Some pieces of wood will be used to build the time capsule that will be placed after the building opens in early 2024. And the monuments will be relocated to another memorial area on the hill above the new hospital.
The design-build concept, in which the designing and construction elements are done under a single contract, paired Rudolph and Sletten with CannonDesign. They worked in unison with DGS and Project Director Michael Siemering to check all of the boxes of what the state and CalVet needed and wanted.
“I’ve done a lot of complicated builds,” Siemering said. “This was by far the most complicated system yet. It was a challenge to take what CannonDesign came up with, drill down with what the State Historic Preservation Office came up with and the challenges CannonDesign had to address. We protected the environment.”
Adding to the complexity: the COVID-19 pandemic, which compelled all of the principals to rely on meeting remotely for the vast majority of their planning and development conversations as well as internal meetings within each entity.
“This team has gotten done what we had to do,” Siemering said.
The finished product will be a five-story, 317,000-square-foot SNF that matches the Spanish Colonial exteriors of the campus’ other major buildings. The new SNF will offer single-occupancy rooms, bathrooms in each, dining and social areas on each floor, with a main dining room, shops and even a scooter repair shop on the first floor.
Designers integrated elements that address future pandemic infection control, with the Home’s aging population in mind.
“In a facility to house seniors, we wanted to make it a home-like environment, but also super safe,” said David Hunt, Healthcare Practice Leader and Principal for CannonDesign. “We included a lighting system inside the duct work that kills COVID pathogens, and radiant floor heat rather than distributing air that spreads germs.”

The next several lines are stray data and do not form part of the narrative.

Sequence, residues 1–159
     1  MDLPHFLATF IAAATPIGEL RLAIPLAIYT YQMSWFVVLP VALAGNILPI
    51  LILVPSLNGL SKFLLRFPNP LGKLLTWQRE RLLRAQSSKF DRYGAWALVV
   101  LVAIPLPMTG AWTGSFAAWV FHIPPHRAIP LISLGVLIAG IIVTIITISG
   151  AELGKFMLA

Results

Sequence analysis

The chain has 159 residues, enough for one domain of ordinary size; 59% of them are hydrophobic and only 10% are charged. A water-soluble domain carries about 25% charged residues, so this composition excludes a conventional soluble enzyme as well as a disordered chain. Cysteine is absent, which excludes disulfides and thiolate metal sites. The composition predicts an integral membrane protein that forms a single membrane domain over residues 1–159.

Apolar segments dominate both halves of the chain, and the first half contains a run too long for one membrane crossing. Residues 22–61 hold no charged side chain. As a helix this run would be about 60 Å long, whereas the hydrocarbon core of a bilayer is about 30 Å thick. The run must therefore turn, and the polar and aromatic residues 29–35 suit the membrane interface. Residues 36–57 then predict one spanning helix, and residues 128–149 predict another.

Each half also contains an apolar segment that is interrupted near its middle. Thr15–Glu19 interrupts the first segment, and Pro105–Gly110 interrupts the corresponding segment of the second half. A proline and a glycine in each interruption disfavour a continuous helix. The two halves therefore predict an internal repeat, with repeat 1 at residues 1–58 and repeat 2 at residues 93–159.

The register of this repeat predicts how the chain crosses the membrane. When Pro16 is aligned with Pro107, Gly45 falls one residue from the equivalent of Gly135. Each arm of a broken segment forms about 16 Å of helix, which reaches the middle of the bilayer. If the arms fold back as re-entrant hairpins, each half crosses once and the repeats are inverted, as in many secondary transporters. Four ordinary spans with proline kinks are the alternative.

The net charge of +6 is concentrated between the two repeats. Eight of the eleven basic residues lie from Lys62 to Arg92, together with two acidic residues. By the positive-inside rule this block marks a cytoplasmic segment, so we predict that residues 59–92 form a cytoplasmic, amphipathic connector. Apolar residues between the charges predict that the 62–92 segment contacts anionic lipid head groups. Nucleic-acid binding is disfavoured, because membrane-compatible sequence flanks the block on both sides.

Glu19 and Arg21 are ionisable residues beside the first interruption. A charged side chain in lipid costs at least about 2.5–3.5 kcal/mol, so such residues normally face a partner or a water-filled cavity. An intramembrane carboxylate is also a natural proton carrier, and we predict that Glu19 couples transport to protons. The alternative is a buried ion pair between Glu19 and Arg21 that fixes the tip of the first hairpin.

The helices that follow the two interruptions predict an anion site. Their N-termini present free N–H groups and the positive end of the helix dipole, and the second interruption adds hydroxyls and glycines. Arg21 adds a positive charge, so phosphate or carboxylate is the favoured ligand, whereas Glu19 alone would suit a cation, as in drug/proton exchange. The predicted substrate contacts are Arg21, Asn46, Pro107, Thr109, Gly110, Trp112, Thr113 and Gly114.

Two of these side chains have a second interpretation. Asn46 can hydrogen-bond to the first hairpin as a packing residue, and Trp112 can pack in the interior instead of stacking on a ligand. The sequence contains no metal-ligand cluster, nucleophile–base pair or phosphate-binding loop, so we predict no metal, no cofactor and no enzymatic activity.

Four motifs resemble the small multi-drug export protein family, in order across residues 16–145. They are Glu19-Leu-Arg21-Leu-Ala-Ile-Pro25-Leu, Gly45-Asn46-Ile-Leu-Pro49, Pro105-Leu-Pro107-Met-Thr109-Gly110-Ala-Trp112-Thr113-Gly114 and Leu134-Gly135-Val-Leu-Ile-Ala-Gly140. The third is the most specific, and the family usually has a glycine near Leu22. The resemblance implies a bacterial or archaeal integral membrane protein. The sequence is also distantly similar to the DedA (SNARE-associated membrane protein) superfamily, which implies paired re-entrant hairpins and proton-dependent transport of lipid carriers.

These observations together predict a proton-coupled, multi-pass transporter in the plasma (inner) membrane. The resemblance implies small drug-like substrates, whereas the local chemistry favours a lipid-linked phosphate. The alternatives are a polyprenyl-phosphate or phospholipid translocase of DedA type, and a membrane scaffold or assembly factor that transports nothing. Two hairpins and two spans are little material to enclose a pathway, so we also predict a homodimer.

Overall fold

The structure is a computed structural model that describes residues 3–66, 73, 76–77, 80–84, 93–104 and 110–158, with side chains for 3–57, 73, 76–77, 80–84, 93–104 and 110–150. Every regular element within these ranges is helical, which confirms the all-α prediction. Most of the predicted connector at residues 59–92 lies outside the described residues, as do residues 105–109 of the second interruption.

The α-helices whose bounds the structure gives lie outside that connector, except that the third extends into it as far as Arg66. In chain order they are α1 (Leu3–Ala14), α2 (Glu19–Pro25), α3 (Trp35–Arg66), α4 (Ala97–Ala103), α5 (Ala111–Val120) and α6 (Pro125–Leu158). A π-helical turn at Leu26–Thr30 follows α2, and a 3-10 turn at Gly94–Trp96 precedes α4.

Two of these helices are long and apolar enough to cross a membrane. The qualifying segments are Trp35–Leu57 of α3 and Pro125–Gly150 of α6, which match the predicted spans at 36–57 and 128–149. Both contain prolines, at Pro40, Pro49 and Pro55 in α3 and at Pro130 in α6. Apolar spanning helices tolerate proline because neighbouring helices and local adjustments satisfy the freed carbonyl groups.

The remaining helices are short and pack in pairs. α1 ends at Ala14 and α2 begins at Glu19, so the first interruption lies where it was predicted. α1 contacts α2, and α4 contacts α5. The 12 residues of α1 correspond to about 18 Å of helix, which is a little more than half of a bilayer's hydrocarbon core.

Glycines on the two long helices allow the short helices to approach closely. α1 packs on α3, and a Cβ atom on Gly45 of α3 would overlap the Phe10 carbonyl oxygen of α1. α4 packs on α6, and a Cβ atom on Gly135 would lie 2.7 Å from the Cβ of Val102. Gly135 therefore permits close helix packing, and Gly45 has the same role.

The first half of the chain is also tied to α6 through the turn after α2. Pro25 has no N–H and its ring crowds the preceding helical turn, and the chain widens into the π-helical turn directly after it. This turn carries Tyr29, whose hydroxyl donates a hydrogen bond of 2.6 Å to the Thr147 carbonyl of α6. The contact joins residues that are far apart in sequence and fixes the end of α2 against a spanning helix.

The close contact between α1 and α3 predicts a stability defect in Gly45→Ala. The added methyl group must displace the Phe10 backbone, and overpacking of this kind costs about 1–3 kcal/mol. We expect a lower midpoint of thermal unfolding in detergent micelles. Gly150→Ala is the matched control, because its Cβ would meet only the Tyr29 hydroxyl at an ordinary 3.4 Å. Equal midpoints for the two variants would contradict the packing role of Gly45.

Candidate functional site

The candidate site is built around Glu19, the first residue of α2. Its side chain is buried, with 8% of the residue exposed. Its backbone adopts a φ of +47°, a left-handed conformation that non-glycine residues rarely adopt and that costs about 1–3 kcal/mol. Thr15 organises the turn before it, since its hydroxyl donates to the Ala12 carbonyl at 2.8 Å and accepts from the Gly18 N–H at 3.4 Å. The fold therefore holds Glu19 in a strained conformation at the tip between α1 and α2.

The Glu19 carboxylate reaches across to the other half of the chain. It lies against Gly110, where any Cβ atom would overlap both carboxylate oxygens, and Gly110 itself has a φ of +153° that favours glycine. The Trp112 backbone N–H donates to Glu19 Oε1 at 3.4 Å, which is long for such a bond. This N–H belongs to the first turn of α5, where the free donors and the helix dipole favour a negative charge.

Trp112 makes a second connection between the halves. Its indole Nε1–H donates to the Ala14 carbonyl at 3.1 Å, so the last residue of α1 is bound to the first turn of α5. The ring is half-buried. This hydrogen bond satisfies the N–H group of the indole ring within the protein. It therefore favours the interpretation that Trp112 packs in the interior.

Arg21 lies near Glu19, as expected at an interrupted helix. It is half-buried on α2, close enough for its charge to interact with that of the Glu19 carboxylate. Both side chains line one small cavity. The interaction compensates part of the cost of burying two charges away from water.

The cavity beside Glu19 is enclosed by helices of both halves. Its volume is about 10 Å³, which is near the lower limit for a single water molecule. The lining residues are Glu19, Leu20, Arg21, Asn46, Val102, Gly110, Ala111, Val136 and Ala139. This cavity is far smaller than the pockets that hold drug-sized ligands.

None of the building’s ventilation will involve recirculated air, Hunt said. “One-hundred percent of the air will be from the outside.”
Temperature readings will determine the interior lighting system, adjusting it to the natural daylight that enters the building.
Each floor will be identical to the one above or below, minimizing construction costs and making the building more efficient for residents and staff alike, he said.
It also will include a morning garden on the east side and an evening garden on the west, and the upper floors will offer spectacular views of the Napa Valley.
And finally, they designed the building to be constructed out of precast concrete that can resist damage from wildfires like the ones that plagued the Napa Valley and Sonoma County in recent years. The precast concrete pieces–some 13 inches thick—will be manufactured in Sacramento, then transported to the construction site.
“It (construction) will go up very fast,” Hunt said.
The SNF will be a tribute to the veterans it serves, and also to those who serve them.
“Give credit to CalVet for its continued work to improve the care and environment for the elderly,” Hunt said. “They are a huge advocate for taking care of people in a dignified way. This is a labor of love.”
Of the veterans, by the veterans, and for the veterans.